I'm a sucker for jam comics at the best of time, even when they inevitably leave me feeling unsatisfied afterwards. The latest to take my fancy is Rich Johnston's CIVIL WAR parody, CIVIL WARDROBE. It's a thin premise, but the list of artist talent contributing is impressive (Kaare Andrews, Darick Robertson, Ashley Wood - whose Deaddevil page is pretty sweet, too, Lea Hernandez, Mike Netzer, Frazer Irving, etc), Johnston is at his best when being straight-up funny, and it features this great page by Edmund Bagwell, a man already praised at this very blog twice in recent times, alongside BL reader Dan's speculation about Bagwell having a secret past in the biz under another name.

This image is great on a couple of levels, not least because it really does sum up the way U.S. comic writers regard the U.K. - as defined by WWII, Benny Hill, punk rock, faddy pop, ill-defined mysticism and football hooliganism. Everything bar bad teeth and awful food, I suppose. And Bagwell's Mike Golden/Chris Sprouse-y stylings manage to make that weedy egomaniac David Beckham look heroic. Some going.
This Bagwell guy is the next-big-thing just waiting to break out.

Tuesday, October 17, 2006

Mental Organism Designed Only for Killing

Yesterday, I posted a great cover from DC's new solicitations. Today, in the interests of fairness in the bitterly partisan politics that is superhero comics publishing, here's an absolutely kick-ass image from Marvel, by Cameron Stewart. It's a well known fact: if there's two things comic bloggers love, it's M.O.D.O.K and Cameron Stewart.

Monday, October 16, 2006

I heart JOCK

Just read the last THE LOSERS trade, ENDGAME last night. Very good indeed. Liked the way Diggle subverted the order most teams on a WILD BUNCH-style suicide mission kark it in. Smart. Great art, too, by The Legend Colin Wilson, and Jock. Jock is easily the best cover artist in the biz at the minute, and here's another example why: the cover to SCALPED #1, just solicited by DC/Vertigo today. No idea how the book'll turn out (though Vertigo's current roster sees the imprint in as good a state as it has ever been), but if I saw that on the shelf, I'd feel I'd have to pick it up and at least take a look. And for the cover artist, my friends, that is mission accomplished.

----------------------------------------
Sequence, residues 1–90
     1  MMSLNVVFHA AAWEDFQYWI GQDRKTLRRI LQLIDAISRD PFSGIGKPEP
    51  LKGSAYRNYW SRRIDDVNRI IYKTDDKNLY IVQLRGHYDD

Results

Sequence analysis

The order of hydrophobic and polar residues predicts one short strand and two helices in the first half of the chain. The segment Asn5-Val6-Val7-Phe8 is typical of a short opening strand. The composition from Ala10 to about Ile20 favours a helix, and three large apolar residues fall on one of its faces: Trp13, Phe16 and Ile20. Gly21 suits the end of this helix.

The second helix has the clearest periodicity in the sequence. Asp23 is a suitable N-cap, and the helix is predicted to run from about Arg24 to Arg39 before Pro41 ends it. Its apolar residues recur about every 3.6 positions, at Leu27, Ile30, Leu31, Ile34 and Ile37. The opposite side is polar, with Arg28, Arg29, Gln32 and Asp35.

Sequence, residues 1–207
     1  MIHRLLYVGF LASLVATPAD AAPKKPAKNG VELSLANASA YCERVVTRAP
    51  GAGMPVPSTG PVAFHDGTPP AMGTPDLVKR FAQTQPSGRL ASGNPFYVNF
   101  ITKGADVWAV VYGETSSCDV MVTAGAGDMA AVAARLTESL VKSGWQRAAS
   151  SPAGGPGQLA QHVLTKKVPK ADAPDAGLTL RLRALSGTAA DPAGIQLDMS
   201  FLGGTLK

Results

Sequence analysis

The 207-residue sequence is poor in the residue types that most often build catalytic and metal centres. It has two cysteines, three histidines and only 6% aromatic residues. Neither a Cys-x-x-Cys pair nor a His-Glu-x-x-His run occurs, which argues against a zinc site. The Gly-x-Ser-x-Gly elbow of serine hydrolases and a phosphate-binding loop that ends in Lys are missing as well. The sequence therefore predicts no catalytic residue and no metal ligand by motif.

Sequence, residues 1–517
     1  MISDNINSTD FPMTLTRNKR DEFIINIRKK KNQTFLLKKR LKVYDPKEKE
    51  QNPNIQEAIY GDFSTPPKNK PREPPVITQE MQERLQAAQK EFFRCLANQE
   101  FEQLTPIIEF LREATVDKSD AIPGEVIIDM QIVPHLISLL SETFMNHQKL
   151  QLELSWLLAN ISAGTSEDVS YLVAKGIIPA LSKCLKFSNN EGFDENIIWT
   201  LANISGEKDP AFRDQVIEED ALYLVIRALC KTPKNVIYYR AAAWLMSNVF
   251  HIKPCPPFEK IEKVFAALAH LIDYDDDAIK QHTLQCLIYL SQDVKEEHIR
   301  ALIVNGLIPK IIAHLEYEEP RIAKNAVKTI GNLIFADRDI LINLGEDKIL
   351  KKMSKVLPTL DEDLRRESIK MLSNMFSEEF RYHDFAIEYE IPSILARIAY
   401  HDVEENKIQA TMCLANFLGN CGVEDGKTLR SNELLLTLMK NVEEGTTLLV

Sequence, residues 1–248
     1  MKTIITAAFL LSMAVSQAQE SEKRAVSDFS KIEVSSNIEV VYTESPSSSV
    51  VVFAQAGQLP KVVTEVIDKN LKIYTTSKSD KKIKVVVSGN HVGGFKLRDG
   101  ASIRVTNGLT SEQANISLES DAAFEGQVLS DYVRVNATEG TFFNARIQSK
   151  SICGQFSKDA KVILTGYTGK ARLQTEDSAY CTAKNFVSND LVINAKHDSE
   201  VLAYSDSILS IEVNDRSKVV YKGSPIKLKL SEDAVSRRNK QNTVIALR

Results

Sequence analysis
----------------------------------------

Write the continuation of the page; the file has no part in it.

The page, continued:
I love Amsterdam, it's a great drinking town. Well, I say drinking...

Sunday, October 15, 2006

what does STAN LEE smell like?

Here. And the answer is, of course, Old Spice and vintage leather.

Wednesday, October 11, 2006

DOCTOR DOOM will not be happy

...but I am, 'cus Northern Ireland just beat Latveria 1-0. Hopefully, repercussions will not be forthcoming.

Monday, October 09, 2006

The ghost in the machine

Read a nice piece by Steven Levy in The Guardian Magazine on Saturday claiming that his (and other's) iPod's shuffle function may have some form of psychic power. A precog algorithm. I believe in it, it's some form of local magic, and Pandora now seems to have developed it, too. And in my case, the ghost in the machine appears to be Ronnie Lane.

Cheers, Plonk.

Sunday, October 08, 2006

ROBIN HOOD in the age of New Labour

Kinda didn't want to like the new ROBIN HOOD on BBC1 last night, mainly because as a kid I'd enjoyed ITV's mystic ROBIN OF SHERWOOD so much (what wasn't to like? I mean, come on - Ray fahking Winstone as Will Scarlet? Kick ass!). This Robin was a rollicking, swashbuckling, running commentary on The Blair Age. Post traumatic stress disorder in The New Crusades, maan. Kinda like last week's CRACKER special only with jokes that didn't fall flat on their ass. Some performances were a little broad. Okay, I'm singling out Sam Troughton and Keith Allen especially. Allen does what he always does, I suppose, and gave a scenery-chewing turn as The Sherriff Of Nottingham that was pure panto. Troughton, scion of one of the UK's most under-rated acting dynasties (grandson of Paddy, son of David, nephew of Michael), was the irritating comic relief Much (as in ...The Miller's Son of previous versions of the legends), but redeemed himself with some subtler playing during a quiet moment that made some of the subtext explicit (and yes, apparently the BBC's ROBIN HOOD/STRICTLY COME DANCING combo beat ITV's SIMON COWELL AND HIS CARTEL OF IDIOTS UNDERMINE THE MUSIC INDUSTRY/ANT AND DEC RIP OFF OLD NOEL EDMONDS IDEAS THAT WERE CRAP EVEN BACK IN THE EIGHTIES ANYWAY in the ratings - not that I noticed, as I was busy watching Northern Ireland's moral victory over a whinging, diving, Denmark side instead anyway - God bless ya, SKY+).